People regularly taking a common type of painkiller called an NSAID may be at greater risk for heart attack or stroke than previously thought.
The U.S. Food and Drug Administration (FDA) has strengthened existing warnings of potentially deadly heart attack and stroke risk for a class of pain medications known as non-steroidal anti-inflammatory drugs (NSAIDs). NSAID labeling already warns of these side effects in the long term, but new information has revealed they can occur as early as the first few weeks after using an NSAID.
Additionally, heart attack and stroke risk may increase the longer someone takes an NSAID. People who have cardiovascular disease, particularly those who recently had a heart attack or cardiac bypass surgery, are at the greatest risk for cardiovascular adverse events associated with this type of medication.
“There is no period of use shown to be without risk,” said Judy Racoosin, M.D., M.P.H., deputy director of FDA’s Division of Anesthesia, Analgesia, and Addiction Products, in an FDA announcement.
NSAIDs have long been relied upon for over-the-counter pain relief, and are some of the most common drugs in use today. Household names including ibuprofen (Motrin, Advil) and naproxen (Aleve) are members of this group. Prescription NSAIDs are used to treat several kinds of arthritis and other painful conditions.
Though aspirin is an NSAID, the FDA says these updated warnings do not apply to this medication.
Like many pain medications, NSAIDs are metabolized by genetically variable drug-metabolizing enzymes. The enzyme responsible for NSAID metabolism is called CYP2C9, for which as many as 35 percent of the population could have reduced activity due to genetics. Reduced CYP2C9 activity can lead to higher levels of a given NSAID in the blood, which can result in adverse effects.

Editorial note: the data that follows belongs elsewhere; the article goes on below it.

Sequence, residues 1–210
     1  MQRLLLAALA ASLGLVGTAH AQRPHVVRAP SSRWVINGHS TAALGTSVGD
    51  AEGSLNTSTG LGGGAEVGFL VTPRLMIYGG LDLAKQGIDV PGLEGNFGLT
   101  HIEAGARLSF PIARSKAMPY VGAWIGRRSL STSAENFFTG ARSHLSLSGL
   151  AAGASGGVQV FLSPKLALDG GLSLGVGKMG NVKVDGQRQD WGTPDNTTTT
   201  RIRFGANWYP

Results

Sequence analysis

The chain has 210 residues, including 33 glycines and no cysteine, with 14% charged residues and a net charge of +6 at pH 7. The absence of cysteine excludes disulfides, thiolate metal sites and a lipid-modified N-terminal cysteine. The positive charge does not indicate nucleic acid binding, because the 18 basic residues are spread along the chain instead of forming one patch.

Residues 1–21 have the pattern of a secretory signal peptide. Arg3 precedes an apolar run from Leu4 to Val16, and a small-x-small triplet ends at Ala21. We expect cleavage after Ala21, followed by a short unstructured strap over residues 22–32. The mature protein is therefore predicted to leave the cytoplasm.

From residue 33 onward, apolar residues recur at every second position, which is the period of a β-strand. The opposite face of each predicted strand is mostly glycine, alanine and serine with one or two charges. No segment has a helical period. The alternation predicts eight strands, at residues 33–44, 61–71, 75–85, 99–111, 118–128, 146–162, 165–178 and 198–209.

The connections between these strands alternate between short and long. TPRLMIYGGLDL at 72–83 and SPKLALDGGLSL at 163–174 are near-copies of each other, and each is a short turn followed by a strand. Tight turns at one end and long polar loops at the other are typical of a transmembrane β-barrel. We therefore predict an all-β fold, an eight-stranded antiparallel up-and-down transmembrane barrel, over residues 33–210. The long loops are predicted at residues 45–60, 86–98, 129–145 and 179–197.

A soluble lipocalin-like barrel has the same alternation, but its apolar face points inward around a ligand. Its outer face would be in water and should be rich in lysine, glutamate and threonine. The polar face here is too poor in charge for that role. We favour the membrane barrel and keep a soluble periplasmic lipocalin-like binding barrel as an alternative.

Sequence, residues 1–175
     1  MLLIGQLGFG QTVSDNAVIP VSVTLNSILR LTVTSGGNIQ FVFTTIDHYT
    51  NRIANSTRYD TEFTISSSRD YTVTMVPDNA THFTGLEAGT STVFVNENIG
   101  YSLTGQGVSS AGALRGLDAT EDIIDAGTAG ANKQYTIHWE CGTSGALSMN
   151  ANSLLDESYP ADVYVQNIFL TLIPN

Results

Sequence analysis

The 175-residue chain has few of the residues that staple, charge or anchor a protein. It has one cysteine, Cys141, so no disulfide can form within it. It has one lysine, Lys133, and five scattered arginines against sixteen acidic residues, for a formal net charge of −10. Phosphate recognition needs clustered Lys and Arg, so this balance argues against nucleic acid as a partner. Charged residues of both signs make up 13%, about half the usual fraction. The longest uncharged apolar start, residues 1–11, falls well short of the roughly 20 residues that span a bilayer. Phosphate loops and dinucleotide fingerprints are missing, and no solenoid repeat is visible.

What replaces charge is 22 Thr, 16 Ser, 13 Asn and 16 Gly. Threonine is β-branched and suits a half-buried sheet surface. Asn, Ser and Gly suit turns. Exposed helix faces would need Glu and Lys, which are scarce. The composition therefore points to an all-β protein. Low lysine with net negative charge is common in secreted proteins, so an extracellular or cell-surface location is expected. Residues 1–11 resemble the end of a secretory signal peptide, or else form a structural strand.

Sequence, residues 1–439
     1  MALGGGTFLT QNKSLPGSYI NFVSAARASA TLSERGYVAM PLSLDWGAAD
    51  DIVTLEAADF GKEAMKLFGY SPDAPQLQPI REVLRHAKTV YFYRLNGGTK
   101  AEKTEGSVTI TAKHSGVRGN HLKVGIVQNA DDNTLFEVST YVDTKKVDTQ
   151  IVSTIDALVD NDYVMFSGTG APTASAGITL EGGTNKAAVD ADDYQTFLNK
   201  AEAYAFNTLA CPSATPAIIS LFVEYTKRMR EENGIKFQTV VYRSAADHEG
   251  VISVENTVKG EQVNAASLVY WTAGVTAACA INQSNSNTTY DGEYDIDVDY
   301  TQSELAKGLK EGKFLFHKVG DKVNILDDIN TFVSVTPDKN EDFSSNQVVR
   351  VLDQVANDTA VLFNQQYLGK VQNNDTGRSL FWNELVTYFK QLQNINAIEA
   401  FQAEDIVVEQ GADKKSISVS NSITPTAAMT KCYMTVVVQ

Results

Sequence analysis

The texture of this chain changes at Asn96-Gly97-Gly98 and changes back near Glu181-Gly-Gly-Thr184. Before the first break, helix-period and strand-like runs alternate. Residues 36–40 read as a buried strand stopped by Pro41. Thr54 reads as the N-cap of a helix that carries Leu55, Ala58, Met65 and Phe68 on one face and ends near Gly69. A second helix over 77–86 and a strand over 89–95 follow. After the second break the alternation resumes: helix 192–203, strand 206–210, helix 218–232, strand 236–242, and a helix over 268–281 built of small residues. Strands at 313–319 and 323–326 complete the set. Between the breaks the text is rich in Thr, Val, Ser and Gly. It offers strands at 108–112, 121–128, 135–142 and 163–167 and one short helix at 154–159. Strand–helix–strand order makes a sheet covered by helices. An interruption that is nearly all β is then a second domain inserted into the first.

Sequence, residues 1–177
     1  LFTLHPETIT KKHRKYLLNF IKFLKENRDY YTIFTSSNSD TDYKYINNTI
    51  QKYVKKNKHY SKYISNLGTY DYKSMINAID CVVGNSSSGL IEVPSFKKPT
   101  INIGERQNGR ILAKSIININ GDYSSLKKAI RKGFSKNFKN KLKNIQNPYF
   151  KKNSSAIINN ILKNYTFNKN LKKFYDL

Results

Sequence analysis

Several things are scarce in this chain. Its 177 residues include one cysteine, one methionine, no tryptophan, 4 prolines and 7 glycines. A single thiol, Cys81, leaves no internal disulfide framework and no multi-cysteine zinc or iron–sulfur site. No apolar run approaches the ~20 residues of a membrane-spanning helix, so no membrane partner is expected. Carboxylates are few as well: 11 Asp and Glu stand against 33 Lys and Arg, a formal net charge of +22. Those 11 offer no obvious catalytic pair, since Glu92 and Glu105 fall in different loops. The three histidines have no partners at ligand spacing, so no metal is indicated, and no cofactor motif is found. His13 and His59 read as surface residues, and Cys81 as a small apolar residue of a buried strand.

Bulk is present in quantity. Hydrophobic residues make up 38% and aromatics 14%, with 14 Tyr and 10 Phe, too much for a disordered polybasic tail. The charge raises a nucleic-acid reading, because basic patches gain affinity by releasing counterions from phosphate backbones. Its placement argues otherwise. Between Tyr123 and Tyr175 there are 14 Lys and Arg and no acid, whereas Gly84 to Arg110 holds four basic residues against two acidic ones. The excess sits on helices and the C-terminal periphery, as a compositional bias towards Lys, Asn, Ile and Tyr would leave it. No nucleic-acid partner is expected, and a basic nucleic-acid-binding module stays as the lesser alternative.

The FDA will require drug manufacturers to include more specific warnings of heart attack and stroke risk on both over-the-counter and prescription NSAID packaging in the coming months.
NSAIDs are still effective pain relievers, the FDA says. Consumers can still take them, but should also be aware of the associate risks, particularly in high doses. The FDA offers this advice:
- Read the Drug Facts label for nonprescription drugs and use the least amount of NSAID-containing medication for the shortest period of time.
- Do not take more than one medication containing an NSAID at the same time.
- When using prescription NSAIDs, read the drug safety information in the consumer-oriented Medication Guide attached to the filled prescription.
- Individuals with heart disease should consult a healthcare provider before using an NSAID.
- Anyone taking an NSAID experiencing symptoms such as chest pain, trouble breathing, sudden weakness in specific parts of the body or sudden slurred speech (all potential signs of heart problems or stroke) should stop taking the NSAID and seek medical help.
- Acetaminophen (Tylenol) may be a better alternative for patients who do not have liver disease or chronic alcohol problems. Check with your doctor or pharmacist.